Author: Jackie French
Illustrator: Bruce Whatley
Published: November 2020
Genre: Historical fiction
I received a copy of Pandemic from the publisher in exchange for a fair and honest review. All thoughts and opinions are my own.
The war carried the Spanish flu across the world. Faces grew masks. Shops and schools wore signs that said, ‘Closed’. Families nursing the sick drew their curtains together to say their house was quarantined . . .
From the award-winning creators of Flood, Fire, Cyclone and Drought, comes this powerful story of humanity prevailing during a pandemic.
Jackie French and Bruce Whatley are a powerhouse duo in the children’s publishing world, and together they’re produced cheerful, upbeat picture books, as well as ones that deal with serious world issues. It’s easy to determine which category Pandemic falls into.
Pandemic is the story of the Spanish Flu pandemic that spread across the world from around 1917 or 1918 in an army camp in Kansas. Just like COVID-19 it spread across the world, and French has used the stories her grandmother told her about her great-grandmother during this time. Set in Australia, Pandemic is the story of how communities and children supported one another during this strange and scary time.
Without a doubt, this is a book that is perfect for our current times – while not based on COVID-19, the conditions and quarantine is similar enough that this book will offer a lot of opportunities to discuss what has happened in Australia (and the world) during 2020. Rather than being bleak and hopeless, Pandemic is optimistic and highlights the ingenuity, kindness and persistence of people during tough times.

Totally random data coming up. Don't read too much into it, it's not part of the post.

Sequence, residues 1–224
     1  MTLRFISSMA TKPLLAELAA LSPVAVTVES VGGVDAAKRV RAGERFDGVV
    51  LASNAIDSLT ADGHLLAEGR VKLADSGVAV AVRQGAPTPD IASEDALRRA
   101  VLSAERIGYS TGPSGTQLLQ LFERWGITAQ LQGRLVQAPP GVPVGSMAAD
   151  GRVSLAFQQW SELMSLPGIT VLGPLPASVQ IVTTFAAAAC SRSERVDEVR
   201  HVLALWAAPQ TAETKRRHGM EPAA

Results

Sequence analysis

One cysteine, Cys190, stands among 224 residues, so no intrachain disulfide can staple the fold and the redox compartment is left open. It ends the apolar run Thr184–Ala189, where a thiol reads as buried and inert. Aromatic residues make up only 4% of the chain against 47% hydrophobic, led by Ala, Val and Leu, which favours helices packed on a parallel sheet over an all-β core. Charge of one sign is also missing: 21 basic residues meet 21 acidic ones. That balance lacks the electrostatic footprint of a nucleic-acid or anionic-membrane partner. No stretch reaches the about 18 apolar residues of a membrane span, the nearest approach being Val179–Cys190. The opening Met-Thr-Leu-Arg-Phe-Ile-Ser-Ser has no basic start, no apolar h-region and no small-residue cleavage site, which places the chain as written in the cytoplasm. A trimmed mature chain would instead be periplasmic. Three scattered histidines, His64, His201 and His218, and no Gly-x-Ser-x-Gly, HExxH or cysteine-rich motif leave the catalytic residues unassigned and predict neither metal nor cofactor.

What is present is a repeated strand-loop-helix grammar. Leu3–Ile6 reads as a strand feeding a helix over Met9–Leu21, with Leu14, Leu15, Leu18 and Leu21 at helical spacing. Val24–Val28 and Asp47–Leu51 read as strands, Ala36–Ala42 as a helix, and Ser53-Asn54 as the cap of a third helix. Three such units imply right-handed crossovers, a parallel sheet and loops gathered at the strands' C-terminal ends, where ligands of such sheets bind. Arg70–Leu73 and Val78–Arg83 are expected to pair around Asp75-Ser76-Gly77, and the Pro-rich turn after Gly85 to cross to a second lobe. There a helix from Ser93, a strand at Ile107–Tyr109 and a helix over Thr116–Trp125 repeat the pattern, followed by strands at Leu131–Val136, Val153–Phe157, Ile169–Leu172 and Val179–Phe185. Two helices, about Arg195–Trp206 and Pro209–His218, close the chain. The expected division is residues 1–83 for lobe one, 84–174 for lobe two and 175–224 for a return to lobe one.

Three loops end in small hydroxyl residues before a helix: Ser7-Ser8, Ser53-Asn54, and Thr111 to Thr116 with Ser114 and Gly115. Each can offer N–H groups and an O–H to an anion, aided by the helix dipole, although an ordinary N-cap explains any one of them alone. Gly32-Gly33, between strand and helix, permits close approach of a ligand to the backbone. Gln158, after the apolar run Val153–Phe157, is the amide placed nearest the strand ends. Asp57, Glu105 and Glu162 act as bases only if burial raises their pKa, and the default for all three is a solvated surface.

As with all Jackie French’s books, it’s beautifully told. She is a master of her craft and whether she’s writing something to delight or inform, I know I can pick up one of her books and be swept away into her stories.
Likewise, Bruce Whatley is an illustrator I’m very familiar with, but Pandemic is unique for him, too. I’ve loved reading about the inspiration behind stories and illustrations recently and as Whatley states in his notes at the back of the book, he illustrated this book while in isolation, with limited resources and art supplies. The style that came out as a result is absolutely gorgeous to look at.
This is the perfect book for middle- and upper-primary students and I’m so glad to add it to my Jackie French/Bruce Whatley collection!